The Nativity of St. John the Baptist

The Feast of St. John the Baptist, also known as the Nativity of St. John the Baptist is celebrated on June 24 every year. Unlike other Saints, the feast of the Nativity of St. John the Baptist is one among the few to be celebrated as part of the liturgy. St. John the Baptist is known as the Patron Saint of tailors, shepherds and masons.

At the time of the Annunciation, the Angel Gabriel informed Mary that her cousin Elizabeth was in the sixth month of her pregnancy. On the basis of this account, the Church celebrates the birth of St. John the Baptist by a feast of his nativity on June 24, assigned exactly six months before the nativity of Christ.

The story of St. John the Baptist begins when the Archangel Gabriel appears to an aged Zacharias in the Temple and tells to him that his wife Elizabeth though advanced in age would bear him a son. Since he did not believe what the Angel had said, he was struck with dumbness until the child’s birth.

St. John the Baptist has been described as one living in the wilderness, wearing clothes made of camel’s skin with a leather belt tied around the waist and eating locusts and wild honey. In his public ministry, he was known for attracting large crowds and for proclaiming repentance and forgiveness of sins. He would also baptize people. St. John the Baptist baptized Jesus in the river Jordan when he came to him. Later on, he was imprisoned and then beheaded by the orders of King Herod.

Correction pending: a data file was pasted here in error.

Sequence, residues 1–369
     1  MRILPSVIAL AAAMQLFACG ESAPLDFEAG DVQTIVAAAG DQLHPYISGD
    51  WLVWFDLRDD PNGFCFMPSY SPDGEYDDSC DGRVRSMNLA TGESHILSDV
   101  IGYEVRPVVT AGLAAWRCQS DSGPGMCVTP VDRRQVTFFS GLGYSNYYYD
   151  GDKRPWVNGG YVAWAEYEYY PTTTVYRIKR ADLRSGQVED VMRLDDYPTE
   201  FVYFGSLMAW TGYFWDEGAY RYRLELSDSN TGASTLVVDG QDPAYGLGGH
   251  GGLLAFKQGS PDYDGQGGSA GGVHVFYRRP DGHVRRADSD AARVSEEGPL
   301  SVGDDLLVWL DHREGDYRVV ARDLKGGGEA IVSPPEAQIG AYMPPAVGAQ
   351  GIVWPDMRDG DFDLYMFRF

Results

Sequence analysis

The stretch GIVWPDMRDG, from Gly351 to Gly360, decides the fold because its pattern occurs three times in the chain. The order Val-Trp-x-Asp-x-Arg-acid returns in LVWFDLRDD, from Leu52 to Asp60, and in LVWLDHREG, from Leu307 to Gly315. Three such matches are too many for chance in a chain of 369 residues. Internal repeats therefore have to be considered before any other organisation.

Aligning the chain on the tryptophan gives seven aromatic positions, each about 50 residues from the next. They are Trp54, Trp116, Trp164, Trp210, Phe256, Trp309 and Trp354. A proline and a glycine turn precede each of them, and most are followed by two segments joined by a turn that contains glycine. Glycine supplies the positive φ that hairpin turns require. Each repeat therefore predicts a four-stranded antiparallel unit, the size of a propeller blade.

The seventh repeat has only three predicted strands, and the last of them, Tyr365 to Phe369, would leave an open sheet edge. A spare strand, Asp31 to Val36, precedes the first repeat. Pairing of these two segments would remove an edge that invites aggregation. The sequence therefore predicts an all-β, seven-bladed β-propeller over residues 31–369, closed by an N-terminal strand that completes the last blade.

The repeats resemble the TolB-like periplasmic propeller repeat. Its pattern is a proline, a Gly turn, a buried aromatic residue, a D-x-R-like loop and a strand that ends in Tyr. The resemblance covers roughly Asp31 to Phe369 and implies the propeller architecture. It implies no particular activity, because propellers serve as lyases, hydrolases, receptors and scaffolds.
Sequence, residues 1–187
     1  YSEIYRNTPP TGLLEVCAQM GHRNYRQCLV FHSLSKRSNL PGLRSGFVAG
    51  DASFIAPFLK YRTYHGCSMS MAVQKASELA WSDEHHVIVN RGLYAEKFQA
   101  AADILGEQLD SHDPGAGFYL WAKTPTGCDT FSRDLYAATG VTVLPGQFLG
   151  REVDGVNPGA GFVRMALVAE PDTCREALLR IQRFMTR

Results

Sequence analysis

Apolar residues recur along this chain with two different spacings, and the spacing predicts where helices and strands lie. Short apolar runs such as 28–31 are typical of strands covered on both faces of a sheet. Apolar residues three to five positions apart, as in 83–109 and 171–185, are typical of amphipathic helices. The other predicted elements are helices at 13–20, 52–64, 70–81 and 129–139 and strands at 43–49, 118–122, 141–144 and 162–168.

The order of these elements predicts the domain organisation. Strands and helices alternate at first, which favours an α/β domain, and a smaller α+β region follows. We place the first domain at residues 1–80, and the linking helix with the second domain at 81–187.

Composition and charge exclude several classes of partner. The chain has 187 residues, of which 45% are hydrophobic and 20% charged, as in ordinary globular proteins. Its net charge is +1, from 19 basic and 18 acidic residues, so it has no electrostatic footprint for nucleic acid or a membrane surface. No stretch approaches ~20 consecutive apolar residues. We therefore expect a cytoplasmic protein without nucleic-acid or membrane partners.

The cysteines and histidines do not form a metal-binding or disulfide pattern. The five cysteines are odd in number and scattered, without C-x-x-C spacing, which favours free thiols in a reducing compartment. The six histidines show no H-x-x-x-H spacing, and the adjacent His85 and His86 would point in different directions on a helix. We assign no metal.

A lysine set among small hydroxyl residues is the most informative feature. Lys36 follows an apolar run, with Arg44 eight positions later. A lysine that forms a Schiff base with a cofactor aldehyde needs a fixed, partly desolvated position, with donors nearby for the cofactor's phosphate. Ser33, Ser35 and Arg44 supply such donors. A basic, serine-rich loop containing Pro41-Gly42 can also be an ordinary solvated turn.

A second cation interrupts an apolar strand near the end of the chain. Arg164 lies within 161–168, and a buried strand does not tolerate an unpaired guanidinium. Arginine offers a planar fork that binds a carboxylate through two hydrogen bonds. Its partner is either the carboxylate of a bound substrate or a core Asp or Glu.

The Nativity of St. John the Baptist, also known as St. John’s Day, is one of the oldest feasts celebrated by Christians. It is celebrated as a public holiday in some countries with customs varying from location to location. Typical customs may include the gathering of the perennial herb St. John’s Wort, the collection of flowers for floral wreaths. In many places fires are lit on the eve of the nativity of St. John the Baptist, communal bonfires as well as small fires in the home that burn past midnight.

In Goa, the Feast of St. John the Baptist is traditionally celebrated every year on June 24. On the day of the feast, youngsters go from door to door collecting fruits, liquor and gifts. They then offer prayers and jump into the wells and ponds. The youngsters jumping in the well has an interesting account from the Holy Bible associated with it. When Elizabeth was pregnant with John she was visited by Mary, and it is written that when Mary greeted Elizabeth the child in Elizabeth’s womb leapt with joy. Newly married couples are also blessed on this occasion.

Besides solo images, St. John the Baptist’s portrait is also found in images of St Catherine of Alexandria and the Madonna and Child images. Whenever, Christ is also in the image, St. John is shown pointing to Him. Portraits show St. John the Baptist clad in Camel’s skin as described in the Scriptures. An important attribute that distinguishes St. John the Baptist is the Lamb (referring to his words about Jesus, “Behold the Lamb of God”), often lying or standing on a book. Another common attribute is a Cross, sometimes with a banner attached to it. The story of his death is also a popular subject in art.

This illustration of Mary visiting Elizabeth, is taken from one of the two volumes of the Bible from the collection of the Museum of Christian Art, Old Goa. Both the volumes of the Bible are leather bound with brass clasps while the text is printed on paper. They belong to the 18th century and were donated by Canon Caetano da Cruz Fernandes from Benaulim, Goa. The text in both the Volumes is in Latin while the illustrations of Biblical scenes are described in six different languages (Greek, English, German, Latin, French and Dutch).